States on hook for ris­ing Medi­care premi­ums

Modern Healthcare - - NEWS - By Vir­gil Dick­son

State Med­i­caid agen­cies are brac­ing for hun­dreds of mil­lions of dol­lars in new obli­ga­tions, thanks to a sig­nif­i­cant in­crease in Medi­care premi­ums.

This sum­mer, the 2015 Medi­care Trustees Re­port pro­jected Part B premi­ums would in­crease by 52%—up to $159.30 a month from $104.90.

How­ever, most Medi­care ben­e­fi­cia­ries will be spared, as roughly 70% of them pay their premi­ums through de­duc­tions from their So­cial Se­cu­rity ben­e­fit checks. The “hold harm­less” pol­icy shields ben­e­fi­cia­ries from pre­mium hikes that out­pace cost-of-liv­ing in­creases. That means So­cial Se­cu­rity check amounts will not de­cline from one year to the next be­cause of in­creases in Medi­care Part B premi­ums.

Not pro­tected are those who do pay Part B premi­ums out of pocket, which in­cludes those newly en­rolled in Medi­care and in­di­vid­u­als du­ally el­i­gi­ble for Med­i­caid.

The ad­di­tional cost would fall on the states, said Juli­ette Cuban­ski, as­so­ciate di­rec­tor of the Pro­gram on Medi­care Pol­icy at the Kaiser Fam­ily Foun­da­tion. “If the ac­tual in­crease is any­where in line with the pro­jected in­crease, it could be a pretty big im­pact in terms of the ad­di­tional costs that states would bear,” she said.

HHS sets Part B premi­ums ev­ery fall, and they are ex­pected to be re­leased this month.

It’s only been in re­cent weeks that states have be­gun to re­al­ize what the pro­jected hike would mean to their bot­tom lines. And they are very con- cerned, said Matt Salo, ex­ec­u­tive di­rec­tor of the Na­tional As­so­ci­a­tion of Med­i­caid Di­rec­tors. “This is one of those sleeper is­sues that kind of snuck up on ev­ery­body,” he said.

Cal­i­for­nia, which faces $550 mil­lion in new costs, is call­ing the pre­mium hikes an “ur­gent fis­cal is­sue” and sent a let­ter to Congress ask­ing it to act.

Other states are re­act­ing sim­i­larly.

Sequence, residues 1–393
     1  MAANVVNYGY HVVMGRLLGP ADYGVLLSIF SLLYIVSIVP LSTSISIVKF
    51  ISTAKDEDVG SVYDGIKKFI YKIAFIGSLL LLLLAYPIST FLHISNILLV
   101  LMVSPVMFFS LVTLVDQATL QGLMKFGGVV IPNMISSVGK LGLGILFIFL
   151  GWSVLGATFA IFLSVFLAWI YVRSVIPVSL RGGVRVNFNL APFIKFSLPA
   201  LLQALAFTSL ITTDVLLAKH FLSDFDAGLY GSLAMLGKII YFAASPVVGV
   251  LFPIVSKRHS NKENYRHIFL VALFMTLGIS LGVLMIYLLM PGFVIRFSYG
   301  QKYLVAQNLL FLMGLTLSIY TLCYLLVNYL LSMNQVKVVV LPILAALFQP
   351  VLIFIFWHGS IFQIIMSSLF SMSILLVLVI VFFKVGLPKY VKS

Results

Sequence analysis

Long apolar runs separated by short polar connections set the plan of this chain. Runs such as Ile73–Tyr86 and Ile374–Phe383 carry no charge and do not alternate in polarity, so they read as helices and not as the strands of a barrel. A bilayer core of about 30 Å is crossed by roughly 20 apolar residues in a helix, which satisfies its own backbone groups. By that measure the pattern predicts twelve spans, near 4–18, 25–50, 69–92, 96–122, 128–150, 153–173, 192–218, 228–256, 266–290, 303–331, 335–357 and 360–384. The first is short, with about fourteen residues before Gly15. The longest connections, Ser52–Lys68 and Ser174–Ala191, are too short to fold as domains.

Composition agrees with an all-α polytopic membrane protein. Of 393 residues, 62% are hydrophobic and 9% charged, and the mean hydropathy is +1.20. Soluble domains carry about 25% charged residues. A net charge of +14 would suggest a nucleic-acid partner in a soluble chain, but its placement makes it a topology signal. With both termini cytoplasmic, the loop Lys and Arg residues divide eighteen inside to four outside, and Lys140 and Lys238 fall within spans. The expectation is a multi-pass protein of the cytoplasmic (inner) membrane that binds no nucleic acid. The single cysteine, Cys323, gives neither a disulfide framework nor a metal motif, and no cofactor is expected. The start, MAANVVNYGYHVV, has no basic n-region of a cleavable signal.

“This un­fore­seen in­crease lit­er­ally shocked us,” said Tom Shana­han, spokesman for the Idaho Depart­ment of Health and Wel­fare, which es­ti­mates it will in­cur nearly $20 mil­lion in ad­di­tional Part B pre­mium and de­ductible costs.

Medi­care Part B pre­mium in­creases are noth­ing new, but states say they have never seen any­thing like this.

“An an­nual in­crease in the Part B Pre­mium is in­cluded in Texas Med­i­caid cost pro­jec­tions, but not of the mag­ni­tude that the CMS has un­der con­sid­er­a­tion,” said Bryan Black, a spokesman for Texas’ Health and Hu­man Ser­vices Com­mis­sion. The state is pro­ject­ing as much as $80 mil­lion in new costs as a re­sult of the in­crease.

A spokesman from Vir­ginia’s Depart­ment of Med­i­cal As­sis­tance Ser­vices said his agency projects new costs of more than $66 mil­lion.

For dual-el­i­gi­bles with in­comes above 120% of the fed­eral poverty level, states pay for Medi­care Part B premi­ums via a block grant pro­gram called the Qual­i­fied In­di­vid­ual pro­gram. Last month, Ari­zona of­fi­cials in­formed the CMS that it would deny any new ap­pli­ca­tions from qual­i­fy­ing dual-el­i­gi­bles wish­ing to have their premi­ums paid for un­der the pro­gram.

With­out the QI pro­gram, peo­ple will need to pay the full Medi­care Part B pre­mium, which they will likely be un­able to do, given their in­come, Salo said. No other states have spo­ken about cap­ping QI en­roll­ment.

And even dual-el­i­gi­bles who don’t get their premi­ums paid for through the QI pro­gram could be af­fected.

“An in­crease of this mag­ni­tude to Part B pre­mium costs may lead to states ei­ther de­creas­ing Med­i­caid pay­ments to health plans for dual-el­i­gi­bles, or may act as a dis­in­cen­tive for states to en­roll peo­ple who stand to ben­e­fit from the pro­gram,” said Meg Mur­ray, CEO of the As­so­ci­a­tion for Com­mu­nity Af­fil­i­ated Plans.

The CMS says it would take an act of Congress to avoid the pre­mium in­creases.

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